In both cases, the security of the encryption can be increased by increasing key length. However, “it’s not just the size of the key, it’s the quality and type of algorithm as well,” explains Paul Meadowcroft, director in the cryptography function within Thales e-Security. There are also ad-hoc ways of boosting security. For example, there are only 10,000 4-digit PINs, so to increase security most card issuers limit the number of PIN tries to three.
When it comes to the security of cryptographic systems, organisations should ask themselves what they are trying to protect. And how much cover time they need. Generally, if the length of time an attacker would need for an exhaustive search of all the keys, i.e. a brute force attack, is shorter than the cover time required for the information, then the system is too weak. Cover time extends in both directions: into the future and from the future back into the past.
“There could be data that is protected with RSA public keys that has value in 50-70 years’ time. This could be collected and if sometime over that period a quantum computer does become industrialised, then it would be able to decrypt historical data,” says Meadowcroft. That is the danger of quantum computing. It is embryonic and unstable now but whoever succeeds in building the first computer could open the door to everything we know today.
From Bits To Qubits
To early 20th century physicists, ‘quantum’ came to mean the smallest indivisible piece. Quantum computing is computing with light as opposed to classical computing with electrons. At the level of the tiniest particle, intriguing things start to happen. This includes particles existing in a quantum superposition, namely being in two states simultaneously. If a classical computer is based on the idea of the bit, a quantum computer is based on the idea of the quantum bit or qubit.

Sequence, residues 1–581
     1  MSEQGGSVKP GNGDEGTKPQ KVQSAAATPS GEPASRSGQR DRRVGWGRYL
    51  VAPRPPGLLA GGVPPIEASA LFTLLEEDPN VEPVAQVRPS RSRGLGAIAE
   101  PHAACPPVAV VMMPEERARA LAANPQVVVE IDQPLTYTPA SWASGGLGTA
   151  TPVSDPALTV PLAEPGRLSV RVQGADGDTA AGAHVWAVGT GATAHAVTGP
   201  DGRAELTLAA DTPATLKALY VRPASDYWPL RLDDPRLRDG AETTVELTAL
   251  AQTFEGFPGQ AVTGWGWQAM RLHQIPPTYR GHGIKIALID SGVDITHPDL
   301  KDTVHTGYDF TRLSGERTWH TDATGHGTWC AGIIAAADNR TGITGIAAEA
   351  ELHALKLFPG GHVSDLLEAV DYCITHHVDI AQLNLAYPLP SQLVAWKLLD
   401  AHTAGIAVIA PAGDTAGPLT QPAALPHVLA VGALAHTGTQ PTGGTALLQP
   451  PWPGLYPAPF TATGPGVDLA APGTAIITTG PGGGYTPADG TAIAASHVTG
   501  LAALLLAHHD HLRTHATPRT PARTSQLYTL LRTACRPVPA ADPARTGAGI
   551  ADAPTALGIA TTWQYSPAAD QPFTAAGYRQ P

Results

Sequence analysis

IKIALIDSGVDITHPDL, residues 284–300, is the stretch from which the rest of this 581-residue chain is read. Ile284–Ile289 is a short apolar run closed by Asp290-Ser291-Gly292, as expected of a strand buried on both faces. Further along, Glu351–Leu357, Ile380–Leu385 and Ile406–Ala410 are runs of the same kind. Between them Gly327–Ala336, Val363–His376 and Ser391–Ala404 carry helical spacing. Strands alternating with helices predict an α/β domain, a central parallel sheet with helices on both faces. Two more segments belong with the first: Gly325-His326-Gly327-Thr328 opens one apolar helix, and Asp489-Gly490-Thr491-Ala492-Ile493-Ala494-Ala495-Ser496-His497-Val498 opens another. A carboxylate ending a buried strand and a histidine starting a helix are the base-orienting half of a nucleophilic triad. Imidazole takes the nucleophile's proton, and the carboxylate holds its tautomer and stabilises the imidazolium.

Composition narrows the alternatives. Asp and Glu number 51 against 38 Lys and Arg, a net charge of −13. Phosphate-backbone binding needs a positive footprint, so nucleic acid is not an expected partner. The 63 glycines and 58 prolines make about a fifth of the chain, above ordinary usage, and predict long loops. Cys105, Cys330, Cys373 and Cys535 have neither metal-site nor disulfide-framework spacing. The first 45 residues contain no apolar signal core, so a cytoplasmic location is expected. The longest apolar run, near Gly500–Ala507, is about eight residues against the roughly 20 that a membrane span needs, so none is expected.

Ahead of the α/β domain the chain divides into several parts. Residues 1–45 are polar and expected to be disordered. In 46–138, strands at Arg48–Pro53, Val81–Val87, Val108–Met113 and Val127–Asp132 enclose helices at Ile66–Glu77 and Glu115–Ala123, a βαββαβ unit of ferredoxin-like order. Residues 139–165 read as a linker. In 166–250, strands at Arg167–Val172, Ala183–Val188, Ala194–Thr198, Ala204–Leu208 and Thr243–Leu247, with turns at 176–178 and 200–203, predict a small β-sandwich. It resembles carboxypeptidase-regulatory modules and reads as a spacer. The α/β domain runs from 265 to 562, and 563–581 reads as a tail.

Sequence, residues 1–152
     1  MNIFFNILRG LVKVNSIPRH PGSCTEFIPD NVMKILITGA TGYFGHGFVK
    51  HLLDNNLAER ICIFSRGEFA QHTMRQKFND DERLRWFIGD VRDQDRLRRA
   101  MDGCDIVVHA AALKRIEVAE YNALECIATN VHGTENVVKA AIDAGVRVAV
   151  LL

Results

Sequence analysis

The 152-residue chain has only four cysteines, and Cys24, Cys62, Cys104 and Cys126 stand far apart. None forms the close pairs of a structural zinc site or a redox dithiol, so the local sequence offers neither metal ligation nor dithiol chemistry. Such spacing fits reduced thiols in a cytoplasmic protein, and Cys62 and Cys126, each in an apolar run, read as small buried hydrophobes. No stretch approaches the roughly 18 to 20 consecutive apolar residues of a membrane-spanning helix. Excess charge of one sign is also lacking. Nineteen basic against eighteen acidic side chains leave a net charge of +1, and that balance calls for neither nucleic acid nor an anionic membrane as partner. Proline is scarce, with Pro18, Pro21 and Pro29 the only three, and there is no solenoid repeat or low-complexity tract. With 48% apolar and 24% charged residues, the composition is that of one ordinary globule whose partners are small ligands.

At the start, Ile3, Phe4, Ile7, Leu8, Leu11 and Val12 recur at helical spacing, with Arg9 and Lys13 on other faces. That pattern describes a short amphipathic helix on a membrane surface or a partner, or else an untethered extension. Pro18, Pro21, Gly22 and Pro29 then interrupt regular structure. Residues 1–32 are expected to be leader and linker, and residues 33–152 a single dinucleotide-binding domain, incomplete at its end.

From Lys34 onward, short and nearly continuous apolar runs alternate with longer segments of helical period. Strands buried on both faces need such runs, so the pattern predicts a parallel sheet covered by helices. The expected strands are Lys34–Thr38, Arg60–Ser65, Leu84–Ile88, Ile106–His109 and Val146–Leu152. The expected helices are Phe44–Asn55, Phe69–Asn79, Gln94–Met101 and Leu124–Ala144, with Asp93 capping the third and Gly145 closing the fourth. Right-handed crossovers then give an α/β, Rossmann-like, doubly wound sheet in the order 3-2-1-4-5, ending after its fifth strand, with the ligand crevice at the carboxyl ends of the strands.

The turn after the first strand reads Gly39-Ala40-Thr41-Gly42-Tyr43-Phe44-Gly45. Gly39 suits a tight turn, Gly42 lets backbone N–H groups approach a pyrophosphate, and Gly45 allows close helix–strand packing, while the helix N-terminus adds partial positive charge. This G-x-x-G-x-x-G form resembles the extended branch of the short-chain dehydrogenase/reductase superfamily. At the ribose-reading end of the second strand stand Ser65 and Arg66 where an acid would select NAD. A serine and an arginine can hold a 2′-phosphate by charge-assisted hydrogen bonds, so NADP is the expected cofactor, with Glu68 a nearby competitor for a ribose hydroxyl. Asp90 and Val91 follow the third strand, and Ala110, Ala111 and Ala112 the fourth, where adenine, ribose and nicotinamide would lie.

“Classical computing is binary and based on 0 or 1. Every operation you go through has to be computed in either state. For a quantum computer, it can be in the state of 0 or 1 at the same time,” explains Andersen Cheng, CEO of cyber security firm Post-Quantum. “In terms of processing speed, you can do a lot of things in parallel, which can be millions of times quicker.”
Quantum computers could potentially render much contemporary cryptography defunct by brute-forcing the encryption. The current standard for symmetric key cryptography is AES which has been judged to be post-quantum secure by the National Institute of Standards and Technology (NIST). The same cannot be said for asymmetric public key cryptography, which relies on prime number factorisation — finding the two numbers that make up a product.
“This type of integer factorisation is almost what a quantum computer is designed to do — millions of tries at the same time. You don’t have to wait for one number to be recovered before you try the next. So that’s the danger,” says Cheng.
So, how can the quantum threat be countered? There are two main methods: quantum encryption and post-quantum encryption. The first relies on quantum key distribution (QKD) to enable secure communication. Because the key to encrypt and decrypt messages involves pairs of quantum-entangled particles, eavesdropping on the exchange has the effect of destroying the delicate quantum state. This flags the presence of an eavesdropper.
“You can detect the leak or the man-in-the-middle, but it will only tell you that someone is sucking your data out. It’s not going to cure it for you,” says Cheng. “A lot of people think QKD is the end of our worries. The answer is probably not.” This is where quantum-resistant encryption comes in.
Cryptography In The Post-Quantum Age
The standards-setting bodies have concluded that post-quantum solutions will probably not be as elegant as RSA, which does both the cryptographic encryption and signing. Organisations will need to compromise and adopt two schemes, depending on requirements. But how long has the industry got?
According to NIST, the question of when a large-scale quantum computer will be built is complicated and contentious. Estimates range from 10-20 years, the more bullish ones are 3-5 years. To that end and to help standardise post-quantum cryptography, NIST kicked off a public call for quantum-resistant public key cryptography algorithms, ending November 2017.